PARKERSBURG - A U.S. congressman talked to local business leaders about the issues lawmakers are facing in Washington, D.C., and ways issues can be addressed.
U.S. Rep. David McKinley, R-W.Va., met with the Chamber of Commerce of the Mid-Ohio Valley's Board of Directors at a luncheon Monday at the West Virginia Credit Union League building on Cedar Grove Road near West Virginia University at Parkersburg.
The congressman talked with local business and nonprofit leaders as well as other community representatives about what is going on in the U.S. Congress and how things done in Washington, D.C., are impacting people and businesses in the Mid-Ohio Valley.
Photo by Brett Dunlap
U.S. Rep. David McKinley, R-W.Va., met with the Chamber of Commerce of the Mid-Ohio Valley’s Board of Directors at a luncheon Monday at the West Virginia Credit Union League building on Cedar Grove Road.
"I think if you are going to represent a district then you had better understand it," McKinley said. "You had better sit down with people like this and talk with them.
"We have been having small round table meetings like this and we are just learning. I truly believe the thought process in Washington, D.C. is completely different than what it is back here in the district. These are the people, these are the problems we are trying to address. Every time we do it, we learn something."
McKinley said some of the dominate issues are whether Congress should vote to extend the Bush tax cuts, whether to raise the debt ceiling, taxes, Social Security, regulations being put on coal/businesses and the politics that goes into everything. McKinley also talked about working as an engineer in his company longer than some elected officials in the U.S. Capitol have been alive.
"What I am trying to demonstrate to people is that you don't have to be a politician to be successful in Washington, D.C.," McKinley said. "You can take some small business experience, and real life experience, and solve problems."
He said he fought to get on the energy and commerce committee, because it was a committee dealing with issues that would impact West Virginia.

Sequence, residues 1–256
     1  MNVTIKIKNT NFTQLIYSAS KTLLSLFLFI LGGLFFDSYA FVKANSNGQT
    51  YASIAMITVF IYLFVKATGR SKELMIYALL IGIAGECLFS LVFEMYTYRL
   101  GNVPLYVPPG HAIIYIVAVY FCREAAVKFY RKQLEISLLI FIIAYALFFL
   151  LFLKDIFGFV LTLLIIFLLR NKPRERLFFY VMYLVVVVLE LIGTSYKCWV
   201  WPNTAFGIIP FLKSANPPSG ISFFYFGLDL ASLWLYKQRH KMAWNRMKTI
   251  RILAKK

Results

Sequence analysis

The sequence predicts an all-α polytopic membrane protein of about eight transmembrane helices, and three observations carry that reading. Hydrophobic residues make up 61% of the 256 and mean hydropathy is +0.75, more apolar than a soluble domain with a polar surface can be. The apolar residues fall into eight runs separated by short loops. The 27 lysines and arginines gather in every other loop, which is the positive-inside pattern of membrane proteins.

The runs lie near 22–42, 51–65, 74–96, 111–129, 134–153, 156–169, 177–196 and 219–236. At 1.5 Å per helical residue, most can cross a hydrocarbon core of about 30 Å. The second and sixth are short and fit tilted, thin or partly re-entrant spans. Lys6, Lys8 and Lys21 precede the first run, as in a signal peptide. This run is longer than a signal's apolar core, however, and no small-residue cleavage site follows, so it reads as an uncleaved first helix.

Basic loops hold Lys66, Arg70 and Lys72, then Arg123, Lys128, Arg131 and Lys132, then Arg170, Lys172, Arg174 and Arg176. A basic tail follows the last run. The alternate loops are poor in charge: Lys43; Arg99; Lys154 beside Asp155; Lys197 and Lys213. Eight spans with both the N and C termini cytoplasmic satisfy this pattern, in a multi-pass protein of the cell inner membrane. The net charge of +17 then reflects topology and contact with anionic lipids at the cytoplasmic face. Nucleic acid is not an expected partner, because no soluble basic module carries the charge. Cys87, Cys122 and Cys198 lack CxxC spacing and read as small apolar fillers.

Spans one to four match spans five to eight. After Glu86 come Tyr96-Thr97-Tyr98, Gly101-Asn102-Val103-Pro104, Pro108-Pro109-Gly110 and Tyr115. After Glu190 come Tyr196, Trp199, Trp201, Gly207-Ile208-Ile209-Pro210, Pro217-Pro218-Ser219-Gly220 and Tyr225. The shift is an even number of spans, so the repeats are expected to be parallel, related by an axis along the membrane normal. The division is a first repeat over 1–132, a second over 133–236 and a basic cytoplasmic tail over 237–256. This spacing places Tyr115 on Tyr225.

"I think I have become outspoken," McKinley said. "I am not afraid to speak my mind."
Government spending has continually grown and Congress needs to address it, he said.
"It really is out of control," McKinley said. "(Speaking of his time as a West Virginia legislator in the 1980s) we learned that you have to be able to say 'no.'
"We had a balanced budget and we had to work within that budget. In Washington, D.C., they don't know how to say 'no."'
McKinley said the money isn't available to fund everything. The nation's defense could take a hit if automatic cuts are initiated to address the debt concerns, he said.
"Can cuts be made? Yes they can," he said. "I don't think we should have these broad brush, sweeping cuts.
"Use a scalpel to take out the excess."
The most important issue people are worried about is the economy and jobs, McKinley said.
It has been 41 months since the economy has been over 8 percent unemployment with 23 million people who are unemployed or underemployed, he said.
During a slide presentation, McKinley showed a picture of a house on fire. He said the fire represents the nation's economy.
Many people who they surveyed said the economy is improving, but the recovery is "lumbering along" at an exceptionally slow pace, McKinley said.
Many don't think more government stimulus packages are the answer, he said. People want to see a plan on how these problems are addressed. If they don't like one side, they want the other side to be able to explain its plan, as opposed to just going after politicians, he said.
Regulations are preventing businesses from expanding or new businesses opening because of the uncertainty, McKinley said. Some regulations reach beyond what is possible with current technology stopping businesses, like coal-fired generating plants, from being implemented.
"People want to know what the plan is," he said of the economy, health care and more.